The trouble at Fannie and Freddie has Reed looking elsewhere for a funding source. And in a tight year, with pressure on Congress to control exploding debt, he will have competition for any available resources. But he has support in high places: the Obama Administration has put $1 billion for the fund into its budget.
The money, which would mark a modest, but important addition to the federal investment in affordable housing, comes at the recommendation of Housing and Urban Development Secretary Shaun Donovan – a former New York City housing chief who, by all accounts, brings to the office a new level of engagement on the issue.
One of the early signs of heightened interest in homelessness came last year, when President Obama signed a stimulus package that included the first major federal investment in homelessness prevention – some $1.5 billion to cover back rent, utility bills, and landlord mediation for those on the verge of homelessness.
The fund, which included nearly $7 million for Rhode Island, also helps the newly homeless get back into housing quickly, covering security deposits and moving expenses.
Another Reed-led effort, the first major rewrite of the federal government’s main anti-homelessness law – the McKinney-Vento Act – in 20 years will continue that emphasis on prevention.
And it is sure to get play in a new plan to end homelessness that is due out of the administration May 20. Reed says he also expects an increased focus on providing health and other services for the newly housed, ending veterans’ homelessness, and using data to track progress.
For policymakers who feel they finally have a handle on how to solve one of the nation’s most vexing, and galling, problems, it has come down to this: analyzing the data, tweaking the approach, putting up the money.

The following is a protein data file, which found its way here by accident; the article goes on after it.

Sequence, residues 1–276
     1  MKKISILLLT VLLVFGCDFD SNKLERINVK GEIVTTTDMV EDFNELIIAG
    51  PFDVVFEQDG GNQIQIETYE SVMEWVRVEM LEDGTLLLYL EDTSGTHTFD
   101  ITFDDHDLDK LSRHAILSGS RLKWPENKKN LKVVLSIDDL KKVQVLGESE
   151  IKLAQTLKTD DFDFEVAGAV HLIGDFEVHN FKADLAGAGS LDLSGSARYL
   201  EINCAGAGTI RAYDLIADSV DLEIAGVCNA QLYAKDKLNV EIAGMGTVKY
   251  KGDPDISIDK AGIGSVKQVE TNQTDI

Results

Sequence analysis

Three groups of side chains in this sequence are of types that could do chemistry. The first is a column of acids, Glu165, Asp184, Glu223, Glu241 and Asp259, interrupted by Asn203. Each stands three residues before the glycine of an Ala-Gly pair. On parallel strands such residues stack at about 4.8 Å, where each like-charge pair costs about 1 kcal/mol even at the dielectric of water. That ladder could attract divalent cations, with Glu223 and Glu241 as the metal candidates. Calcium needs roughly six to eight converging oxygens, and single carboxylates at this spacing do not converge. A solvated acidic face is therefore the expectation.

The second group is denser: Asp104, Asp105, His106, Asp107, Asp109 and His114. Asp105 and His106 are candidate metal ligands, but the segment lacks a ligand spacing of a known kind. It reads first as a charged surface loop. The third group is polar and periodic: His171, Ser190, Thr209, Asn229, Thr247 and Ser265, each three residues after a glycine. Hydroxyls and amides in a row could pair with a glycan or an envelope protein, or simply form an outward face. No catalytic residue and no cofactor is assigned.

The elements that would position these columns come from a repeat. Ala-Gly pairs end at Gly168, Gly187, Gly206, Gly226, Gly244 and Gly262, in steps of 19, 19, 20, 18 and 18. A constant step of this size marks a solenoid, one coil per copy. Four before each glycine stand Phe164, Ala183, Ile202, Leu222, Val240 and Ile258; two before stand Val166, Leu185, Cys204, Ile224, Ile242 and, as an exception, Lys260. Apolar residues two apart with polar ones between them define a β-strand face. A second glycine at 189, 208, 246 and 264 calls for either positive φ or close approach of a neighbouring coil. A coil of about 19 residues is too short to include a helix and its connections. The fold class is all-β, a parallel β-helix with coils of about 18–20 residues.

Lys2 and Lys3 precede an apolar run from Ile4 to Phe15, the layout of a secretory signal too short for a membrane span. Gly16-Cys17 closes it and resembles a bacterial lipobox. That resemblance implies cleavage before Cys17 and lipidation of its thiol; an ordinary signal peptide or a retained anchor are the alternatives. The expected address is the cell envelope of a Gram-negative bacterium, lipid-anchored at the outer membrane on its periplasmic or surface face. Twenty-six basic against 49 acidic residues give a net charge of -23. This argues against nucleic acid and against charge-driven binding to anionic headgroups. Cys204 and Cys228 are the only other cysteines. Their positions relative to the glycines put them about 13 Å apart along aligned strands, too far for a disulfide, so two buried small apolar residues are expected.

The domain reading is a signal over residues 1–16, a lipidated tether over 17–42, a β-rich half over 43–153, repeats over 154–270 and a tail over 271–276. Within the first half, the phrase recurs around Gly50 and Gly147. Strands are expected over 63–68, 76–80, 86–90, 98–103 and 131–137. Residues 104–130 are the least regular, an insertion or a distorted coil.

‘THERE’S GOING TO BE A NEED FOR SHELTERS’
But in a nation with an affordable housing problem of grand dimensions, the stepped-up efforts of the federal government represent, at best, a good first step. And for all the optimism surrounding housing first, there are skeptics. Even among the ranks of homeless advocates.
Neil Donovan, executive director of the National Coalition for the Homeless in Washington, says that despite gains on chronic homelessness in many communities, the problem has remained a stubborn one in the era of housing first. And in the meantime, he argues, a focus on this relatively small sliver of the homeless population means a shelter system serving a broader range of people has gotten short shrift.
It is an argument that finds some echo locally. Debbie Johnston, director of the McKinney Shelter in Newport, bristles at all the talk of closing shelters with the expansion of the permanent housing stock. “I wouldn’t be down with that at all,” she says. “I think we’re going to, on one level or another, always need a shelter.”
It is a persistent and powerful idea: homelessness will always be here. Or at least for the foreseeable future. And for housing first advocates, this notion may be the most significant obstacle they face.
But they flat out reject the idea. In a nation that has grown accustomed to seeing people on the streets, it is easy to forget that 35 years ago, before the economic crisis of the late-’70s and early-’80s struck, homelessness was but a minor problem in this country.
With some leadership, some money, and some imagination, advocates insist, Rhode Island can make it all but disappear.
David Scharfenberg can be reached at firstname.lastname@example.org.